No. “The deduction has been the cornerstone of the nation’s housing policy for almost a century.”
Nielsen thinks repealing the mortgage interest deduction (MID) would be bad housing and economic policy. “Not only would it eliminate the emerging stability in housing markets and the national economy, it would increase the cost of homeownership and make the tax code less progressive.”
MID’s opponents who claim that it primarily benefits the wealthy are wrong, he contends. “The MID is a middle-class tax break. Almost 70 percent of the benefits go to households with incomes under $200,000. As a share of household income, younger owners and families with children receive the greatest benefit, and almost all homeowners claim the deduction during a significant portion of the term of their mortgage.”
Eliminating the deduction also would cause housing prices to drop by 15 percent or more nationwide, “wiping out even more wealth of prospective retirees, placing more homeowners underwater, and increasing the number of foreclosures.”
When critics attack the MID in the name of tax reform, they are actually proposing a massive tax increase on American families, says Nielsen. “Recent proposals have tried to build support for eliminating the MID by claiming that it would result in lower tax rates. Be very wary of that deal with the devil. Congress traded deductions for lower rates in 1986, and just five years later those ‘lower’ rates increased from 28 percent to 39.6 percent.”
The NAHB’s position is clear. “The mortgage interest deduction has been the cornerstone of the nation’s housing policy for almost a century,” says Nielsen. “Eliminating it would not only raise taxes, it would be a fundamental breach of faith by a government that has long supported homeownership.”
Yes. “We can no longer afford to keep this large and misdirected subsidy off limits.”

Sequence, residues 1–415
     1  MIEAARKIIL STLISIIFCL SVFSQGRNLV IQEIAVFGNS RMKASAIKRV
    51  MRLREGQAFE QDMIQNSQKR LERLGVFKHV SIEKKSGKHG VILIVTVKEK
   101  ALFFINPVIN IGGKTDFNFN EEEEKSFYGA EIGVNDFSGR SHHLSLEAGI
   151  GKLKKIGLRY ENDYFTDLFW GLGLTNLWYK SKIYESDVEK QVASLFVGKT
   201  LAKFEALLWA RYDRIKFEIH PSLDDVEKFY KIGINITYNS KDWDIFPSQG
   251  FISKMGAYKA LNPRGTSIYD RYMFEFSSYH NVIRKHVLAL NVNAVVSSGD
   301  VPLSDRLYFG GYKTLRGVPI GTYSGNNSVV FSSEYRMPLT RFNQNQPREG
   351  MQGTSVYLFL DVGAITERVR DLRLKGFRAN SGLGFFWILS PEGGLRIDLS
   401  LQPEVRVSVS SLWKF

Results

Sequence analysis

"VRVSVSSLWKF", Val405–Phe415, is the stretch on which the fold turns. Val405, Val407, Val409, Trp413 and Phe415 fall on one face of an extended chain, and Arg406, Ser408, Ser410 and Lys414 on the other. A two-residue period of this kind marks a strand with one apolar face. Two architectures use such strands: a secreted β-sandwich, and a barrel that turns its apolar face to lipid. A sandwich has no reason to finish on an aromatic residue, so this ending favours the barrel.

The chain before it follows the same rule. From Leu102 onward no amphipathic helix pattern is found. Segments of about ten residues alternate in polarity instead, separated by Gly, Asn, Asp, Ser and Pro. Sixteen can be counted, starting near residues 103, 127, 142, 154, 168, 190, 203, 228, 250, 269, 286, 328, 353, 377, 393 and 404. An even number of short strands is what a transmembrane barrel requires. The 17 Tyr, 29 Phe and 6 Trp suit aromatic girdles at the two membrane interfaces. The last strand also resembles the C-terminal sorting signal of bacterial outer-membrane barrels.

Toder doesn’t think the MID’s benefits justify its lost revenue. “The mortgage interest deduction will cost the federal government about $600 billion between 2012 and 2016. But it does little to raise homeownership because it is worth much more to high-income taxpayers who are more likely to own without a subsidy than to others.”
Toder elaborates that each dollar spent on mortgage interest reduces tax liability by 35 cents for a high-income taxpayer in the 35 percent bracket and by only 15 cents for a taxpayer in the 15 percent bracket. For the 65 percent of taxpayers who claim the standard deduction, the MID offers no benefit at all. The Tax Policy Center projects that taxpayers with incomes over $100,000 will receive almost three-fourths of the benefit from the deduction in 2015. “Instead of raising ownership rates, this upside-down subsidy encourages upper–middle-income families to incur more debt to buy bigger houses and drives up housing costs in densely populated areas.”
One alternative would replace the deduction with a uniform interest credit. The Tax Policy Center estimates that a non-refundable credit limited to the first $500,000 of debt on a primary residence could be as high as 27 percent before it would cost as much as the current mortgage deduction. “Making the credit refundable would extend the subsidy to people without income tax liability, but could not be quite as generous at the same cost,” says Toder.
Toder believes any MID reform would need to be phased in gradually, and be part of a larger tax reform that reduces tax rates, eliminates or pares back other tax preferences, and helps reduce the long-term deficit.
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